We should all mangia fagioli. They’re the real deal. They connect us to our culinary traditions, they connect us to who we are and to each other. And who knows, they may even tickle the genitals.
Fireworks Black Bean and Mango Salad
This summer recipe marries black beans with seasonal produce for a big flavor, no fuss, no cook, no fat significant salad. It makes for a quick weeknight dinner, it’s pretty and sturdy enough for buffets and picnics, too.
More Ellen Kanner pulse recipes at Beans: A Handful of Magic .
- 1 jalapeno, minced (wear gloves when handling chilies — really. Yes, even you.)
- 1 red pepper, diced
- 2 ribs celery, chopped fine
- 2 15-ounce cans black beans, rinsed and drained (or 4 cups cooked black beans)
- 1 teaspoon cumin
- 1 tablespoon fresh lime juice (about 1/2 lime)
- 2 mangoes, peeled and diced
- 1 bunch cilantro, chopped
- 3-4 cups fresh greens like spinach, arugula or frisee
- sea salt and fresh ground pepper to taste
- 1/4 cup toasted pepitas (pumpkin seeds) for garnish, optional but adding fabulous crunch, not to mention goodly amounts of manganese and magnesium
- In a large bowl, gently mix together jalapeno, diced red pepper and celery. Add the black beans and combine well.
- Add the cumin and the lime and toss to coat.
- Just before serving, add the chopped mangoes and chopped cilantro.
- Season to taste. Place atop greens and serve at once, garnishing with toasted pepitas, if you like (and you will).
Serves 4 to 6.
Ellen Kanner is the award-winning soulful vegan author of Feeding the Hungry Ghost: Life, Faith and What to Eat for Dinner (VegNews’ 2013 Book of the Year, PETA’s debut Book of the Month Club pick), Huffington Post’s Meatless Monday blogger, Miami Herald syndicated columnist the Edgy Veggie and vegan writer for numerous publications. She runs the personal food consulting service Veg Therapy. An ardent advocate for sustainable, accessible food, Ellen serves on multiple Miami boards. More at: SoulfulVegan.com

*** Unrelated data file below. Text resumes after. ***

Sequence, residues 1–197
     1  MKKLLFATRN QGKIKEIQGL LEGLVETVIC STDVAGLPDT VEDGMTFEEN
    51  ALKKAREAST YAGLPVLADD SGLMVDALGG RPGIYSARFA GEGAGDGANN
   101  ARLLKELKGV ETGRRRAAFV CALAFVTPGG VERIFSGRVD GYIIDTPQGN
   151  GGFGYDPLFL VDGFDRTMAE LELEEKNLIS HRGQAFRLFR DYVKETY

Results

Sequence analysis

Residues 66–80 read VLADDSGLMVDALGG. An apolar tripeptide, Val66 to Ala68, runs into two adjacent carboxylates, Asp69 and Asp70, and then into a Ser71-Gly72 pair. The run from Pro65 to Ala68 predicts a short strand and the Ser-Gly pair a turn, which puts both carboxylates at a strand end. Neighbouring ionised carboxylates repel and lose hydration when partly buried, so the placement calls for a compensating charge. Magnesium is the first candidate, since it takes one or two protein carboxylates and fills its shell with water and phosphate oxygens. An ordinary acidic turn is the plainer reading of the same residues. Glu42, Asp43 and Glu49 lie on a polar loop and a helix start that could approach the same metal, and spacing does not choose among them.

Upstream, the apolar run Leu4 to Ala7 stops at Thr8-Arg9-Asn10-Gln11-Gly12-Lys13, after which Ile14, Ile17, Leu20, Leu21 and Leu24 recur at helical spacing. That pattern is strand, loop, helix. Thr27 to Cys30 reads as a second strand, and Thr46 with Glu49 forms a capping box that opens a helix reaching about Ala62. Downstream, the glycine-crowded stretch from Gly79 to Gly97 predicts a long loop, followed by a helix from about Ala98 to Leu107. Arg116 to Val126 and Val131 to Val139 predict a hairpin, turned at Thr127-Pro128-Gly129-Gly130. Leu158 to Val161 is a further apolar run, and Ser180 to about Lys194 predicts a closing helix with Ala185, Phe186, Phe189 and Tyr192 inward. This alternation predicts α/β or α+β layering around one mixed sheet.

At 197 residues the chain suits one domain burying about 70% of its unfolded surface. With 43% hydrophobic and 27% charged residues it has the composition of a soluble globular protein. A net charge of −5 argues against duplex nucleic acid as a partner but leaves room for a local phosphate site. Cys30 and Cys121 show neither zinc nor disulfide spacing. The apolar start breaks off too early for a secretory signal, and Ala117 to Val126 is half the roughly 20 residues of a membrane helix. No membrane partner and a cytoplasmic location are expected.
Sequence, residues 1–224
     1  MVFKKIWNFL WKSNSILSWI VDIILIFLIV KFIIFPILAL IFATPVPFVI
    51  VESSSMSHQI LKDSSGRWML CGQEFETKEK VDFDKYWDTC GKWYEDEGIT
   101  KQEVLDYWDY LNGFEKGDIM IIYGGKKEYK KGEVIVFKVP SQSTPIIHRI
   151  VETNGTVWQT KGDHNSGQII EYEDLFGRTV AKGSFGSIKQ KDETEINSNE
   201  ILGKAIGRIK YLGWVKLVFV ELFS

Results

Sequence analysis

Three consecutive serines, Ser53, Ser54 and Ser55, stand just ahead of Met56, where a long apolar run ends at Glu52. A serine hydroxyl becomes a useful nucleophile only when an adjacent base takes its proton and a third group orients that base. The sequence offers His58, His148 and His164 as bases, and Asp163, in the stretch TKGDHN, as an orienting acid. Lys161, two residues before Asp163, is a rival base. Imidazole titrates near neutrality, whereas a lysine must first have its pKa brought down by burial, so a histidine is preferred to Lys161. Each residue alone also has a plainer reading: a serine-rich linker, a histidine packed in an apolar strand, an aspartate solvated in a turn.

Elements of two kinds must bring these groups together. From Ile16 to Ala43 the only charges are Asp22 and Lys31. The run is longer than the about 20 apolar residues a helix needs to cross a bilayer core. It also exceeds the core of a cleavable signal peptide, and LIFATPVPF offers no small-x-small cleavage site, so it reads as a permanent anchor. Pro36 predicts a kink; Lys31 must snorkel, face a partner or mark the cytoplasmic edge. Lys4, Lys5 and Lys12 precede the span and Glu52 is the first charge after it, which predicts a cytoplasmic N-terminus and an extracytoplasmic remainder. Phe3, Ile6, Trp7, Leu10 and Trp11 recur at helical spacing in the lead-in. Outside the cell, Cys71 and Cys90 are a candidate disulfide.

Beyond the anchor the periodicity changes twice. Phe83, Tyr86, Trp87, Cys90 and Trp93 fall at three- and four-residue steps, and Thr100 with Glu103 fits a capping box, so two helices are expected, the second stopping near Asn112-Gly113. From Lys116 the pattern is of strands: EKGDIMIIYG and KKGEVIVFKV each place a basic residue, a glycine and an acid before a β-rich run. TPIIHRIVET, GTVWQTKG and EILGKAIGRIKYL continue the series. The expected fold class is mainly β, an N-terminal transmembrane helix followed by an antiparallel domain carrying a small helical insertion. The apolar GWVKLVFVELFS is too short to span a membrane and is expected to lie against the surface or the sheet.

Ellen has a copy of her ebook Beans: A Handful of Magic for one lucky reader. Beans: A Handful of Magic celebrates beans with easy plant-based recipes from around the globe. From Caribbean pigeon peas and rice to Greek fava dip, they magically add inexpensive oomph to meals and provide deep, satisfying sustenance.
Follow the instructions below to enter for a chance to win Beans: A Handful of Magic by Ellen Kanner. Contest ends at midnight on August 16th. Good luck!
I eat beans many ways but my favorite is a half cup of warm beans on my salad. I eat them every day.
Janet, good for you. That is healthy and delicious. I often put beans on my morning oats!
My favorite way to have beans is probably in a taco!
Karen D says
I’d say I like to make them into (vegan) refried beans and use in burritos.
Patty T says
We eat beans many ways but my favorite is bean chili. I add three or four types of beans to the pot.
My favorite way to eat beans is made into falafel.
I love making bean dips with organic chips and guacamole.
I love beans and eat them often, but my favorite way to eat them is in Mexican-inspired dishes!